A: On new products, that I cannot say. But the launches we had in 2017 — the necktie, the beanie, the dress (which was exclusively designed for McCartney) — were all representatives of increased scale. The reality is we will be scale and supply-limited, not demand-limited, going forward, so we expect to just keep ramping up scale in 2018.
Q: Speaking of luxury, you were working with Stella McCartney for Paris Fashion Week and an exhibit at New York’s Museum of Modern Art. What is it like working with people like her and how involved is Bolt Threads through the process?
A: It’s been a phenomenal learning experience for me. Stella in particular is so down to earth and motivated and driven by her vision for sustainability and veganism. I run all the science here and I feel once we get past all the fiber-making, it becomes a mix between art and science. The feeling and aesthetics of the clothes comes into play, so I’ve been learning a lot about how those artistic aspects marry with the science.
We are really involved in the process almost from start to end. So what that means is we made fibers, we turned them into yarns and then we start reiterating to make the textile that you want. Ultimately, we will cut and sew and assemble at the partner’s site.
Q: You and your co-founders started this company in 2009. What have the past eight years been like?
A: I was studying spider silk since 2006, and I was then working on how to make miniaturized biology or chemistry labs — lab on a chip, it was called. I learned that the spider’s gland that makes the silk acts very much like one of these microdevices I was building. So I switched my entire effort from making a miniature biology or chemistry lab to making a microlab that was effectively a spider silk gland. The wall I hit was that I could make these fibers if I had silk but I didn’t have the silk precursors, but I was introduced serendipitously to two scientists at UCSF who fortuitiously were making microorganisms to make the precursor but didn’t know how to make the fiber. So with our powers combined, we realized we had the whole package together.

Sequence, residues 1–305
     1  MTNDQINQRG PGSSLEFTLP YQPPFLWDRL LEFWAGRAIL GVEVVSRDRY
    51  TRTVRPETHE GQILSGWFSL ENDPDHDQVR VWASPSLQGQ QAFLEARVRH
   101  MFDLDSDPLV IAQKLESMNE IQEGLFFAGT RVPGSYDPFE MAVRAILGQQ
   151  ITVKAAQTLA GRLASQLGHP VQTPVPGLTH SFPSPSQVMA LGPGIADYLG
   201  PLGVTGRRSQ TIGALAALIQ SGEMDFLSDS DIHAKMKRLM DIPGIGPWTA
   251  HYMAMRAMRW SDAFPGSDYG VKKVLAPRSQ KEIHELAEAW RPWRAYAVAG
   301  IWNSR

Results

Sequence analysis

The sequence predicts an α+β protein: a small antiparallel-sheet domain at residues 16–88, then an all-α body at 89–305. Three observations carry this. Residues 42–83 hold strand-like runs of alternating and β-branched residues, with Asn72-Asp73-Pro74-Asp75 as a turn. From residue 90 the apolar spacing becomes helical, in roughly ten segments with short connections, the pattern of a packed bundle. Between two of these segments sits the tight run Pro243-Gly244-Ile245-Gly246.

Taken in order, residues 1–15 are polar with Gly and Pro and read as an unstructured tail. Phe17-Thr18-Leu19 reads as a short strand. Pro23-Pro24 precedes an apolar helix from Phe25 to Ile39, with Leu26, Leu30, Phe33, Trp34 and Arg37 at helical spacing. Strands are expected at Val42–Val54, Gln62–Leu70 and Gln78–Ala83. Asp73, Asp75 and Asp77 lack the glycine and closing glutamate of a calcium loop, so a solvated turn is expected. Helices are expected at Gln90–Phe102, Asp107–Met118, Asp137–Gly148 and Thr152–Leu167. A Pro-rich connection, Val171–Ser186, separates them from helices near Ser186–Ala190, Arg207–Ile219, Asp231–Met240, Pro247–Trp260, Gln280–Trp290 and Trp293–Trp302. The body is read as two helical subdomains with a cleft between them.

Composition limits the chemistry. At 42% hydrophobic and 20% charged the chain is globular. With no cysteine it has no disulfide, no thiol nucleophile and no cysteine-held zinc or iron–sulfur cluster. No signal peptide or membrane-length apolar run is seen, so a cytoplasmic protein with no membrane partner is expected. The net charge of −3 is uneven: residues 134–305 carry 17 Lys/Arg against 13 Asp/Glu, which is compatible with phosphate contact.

We got some government grants the first year, and at that point we decided that we were going to stay quiet until we can deliver something. We really wanted to not over-promise and under-deliver. When we raised a Series A and Series B during that process, we were just working in the lab and growing the team and building it up. So there is a period of five years where we were building science and the organization but staying very quiet to the external world.
Q: Did it take longer to reach this level than you expected? What was the hardest part?
A: I think the science took longer than I thought. We learned a lot about scaling up and manufacturing and all the challenges in the way. All of these things take time and money. The hardest part was managing slow and steady tech progress as it was balanced with demonstrating progress. Sometimes you have to brute-force things to show we made progress to external eyes and investors. But that might bring on what we call technical debt because that’s not the most scalable way to do that. It’s like building a plane while flying it.
Q: Slow and steady is not something that is often preached these days. How did you know you were on the right track on this speed?
A: You never know for sure. We had some phenomenal patient investors who saw the light at the end of tunnel. Of course, we wanted things to happen faster. We do our best to move as quickly as we can but we’ve been fortunate that the people we’ve been working with have been extraordinarily patient.